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February 07, 2012

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Rodeoclown.wordpress.com

I work as a developer full time from home (www.youneedabudget.com - blatant plug, but it's awesome!), and I've got three kids - two at school and one still at home.

I've found getting a good pair of noise cancelling headphones can help, as it prevents the constant little noises kids make as they play/walk around/whatever from pulling you away from the screen. It's not perfect, but for a few hundred dollars, it can make a big difference in getting stuff done.

Also, you can shut the office door for a period at a time, and teach them that when the door is shut, they stay out. Then do half-hour blocks of work, and pop out for five minutes or so after each, so they know they haven't been abandoned :)

A Facebook User

Have a physically separate area you go to work, that's either on a different floor or outside (shed, garage, RV). Have it understood that when you're "working" you're not available. Make everyone understand that just because you are physically more available, you're actually "working" and you shouldn't be expected to drop everything for errands, chores, or straightening out squabbles.

As I say this, my 3 year old is insisting I help her with her train game on her LeapPad. But 3:30 (when she gets out of day care) to 5:30 (when mommy gets home) is her time, by arrangement.

The main thing is getting everyone to take your work seriously, including you. It's just too damned *easy* to get sucked into the minute-to-minute of the house when you're in the middle of it (hence the need for a separated work space).

--Dave

reader

I know a guy that goes to the office like every other week only, as he lives far out.
At home, he has a 3 and 7 year old. His solution: made a deal with his neighbor and rented a small room down the street as his office.
As Dave here said, it is probably most important to draw the agreed upon line around the "office". Its also important to establish a "protocol" on how this line can be crossed, when really needed.

David Straker

I spent the last ten years writing changingminds.org whilst bringing up a family, holding down a day job and doing another master's degree.

It was all about time management, putting things into slots, plus having catch-up buffer space in the calendar. Like working weekends when the family goes to town. Like a late night or so. Like sitting in the corner typing when others were watching TV.

And things have turned out ok. My daughter's a hot-shot Accenture consultant. My son's in University. And after 35 years I've still a great relationship with my wife.

Andy

Duct tape? http://mommaneedsabeer.blogspot.com/2011/05/joy-of-duct-tape.html

Casey O'Donnell

Baby sitter.

I know it kind of defeats the purpose of being home, right? However, the baby sitter can handle most of the stuff. If things get out of hand, you can help out. It tends to be cheaper than full-time daycare. Schedule some core hours and use those to the max. Then pepper in the rest. My experience also indicates that depending on evening hours is a f*cking fairy tale. By the time they go to bed all I want is a beer, a couple of minutes with the significant other and sleep. But that's me.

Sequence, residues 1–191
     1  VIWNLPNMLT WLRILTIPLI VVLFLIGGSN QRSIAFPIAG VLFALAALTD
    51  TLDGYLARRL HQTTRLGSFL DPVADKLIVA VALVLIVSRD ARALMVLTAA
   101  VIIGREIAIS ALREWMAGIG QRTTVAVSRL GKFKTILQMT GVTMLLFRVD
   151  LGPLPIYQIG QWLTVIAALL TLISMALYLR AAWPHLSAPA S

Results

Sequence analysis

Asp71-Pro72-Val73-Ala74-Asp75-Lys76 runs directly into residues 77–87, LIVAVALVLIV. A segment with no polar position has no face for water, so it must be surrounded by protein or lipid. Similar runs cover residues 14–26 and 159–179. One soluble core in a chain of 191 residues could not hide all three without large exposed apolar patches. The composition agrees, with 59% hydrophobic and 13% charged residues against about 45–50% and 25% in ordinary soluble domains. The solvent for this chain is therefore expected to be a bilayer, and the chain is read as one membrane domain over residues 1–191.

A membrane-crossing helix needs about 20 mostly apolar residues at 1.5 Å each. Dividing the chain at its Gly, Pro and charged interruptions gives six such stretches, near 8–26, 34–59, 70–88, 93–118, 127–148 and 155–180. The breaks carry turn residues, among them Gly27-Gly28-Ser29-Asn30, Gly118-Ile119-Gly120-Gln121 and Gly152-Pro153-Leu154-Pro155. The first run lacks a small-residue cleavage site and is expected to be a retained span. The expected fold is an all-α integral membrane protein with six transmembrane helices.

The honest truth is that until they're gone at school all day, you're pretty screwed unless there is someone running interference or you team up with another person to alternate. Some places will do co-op day-care... So you serve one day's penance for several other days of freedom.

Best of luck. I love my children, but each one sucks 1yr+ from your productivity.

Chris

All of these ideas are great but there at least two major factors that are necessary, at least that I can think of at this moment. These are training and discipline. This applies to both you and your family, wife included.

First, the children. If your children aren't properly trained and disciplined then it would be best for either you to get out of the house and hire a babysitter or get them out of the house (i.e. daycare). Without the proper training and discipline, it doesn't matter what you do if all of you are at home, they will always be a disruption. Assuming that your children are to young to go to school, you can't leave them unattended, because you will be asking for trouble if you do. This would be considered child abuse. Assuming that your wife is at home leads to the next subject.

Second, the wife. If your is a stay at home mom and she is properly trained and discipline, then she will always be the buffer between you and the family. She will keep the children constantly busy by entertaining them while you are working. She have your meals ready. She will be a buffer with all distractions. She will run the house with an iron fist. If she is not properly trained she will become a distraction herself. If not, then follow the first rule.

Last, you. If you aren't properly trained and disciplined to learn to deal with the above then follow step one. If you decide to send the kids to daycare and your wife is a distraction then it would be best that she get a job. Or else, leave the entire family at home and go somewhere else.

I'm not a programmer yet, at least by any standards, but I 've been through all of the above. I homeschool my kids, I sent my wife back to work, and I am studying java and xml and making my own android programs. It's a lot of juggling and a lot of late nights but it works. Hope this helps.

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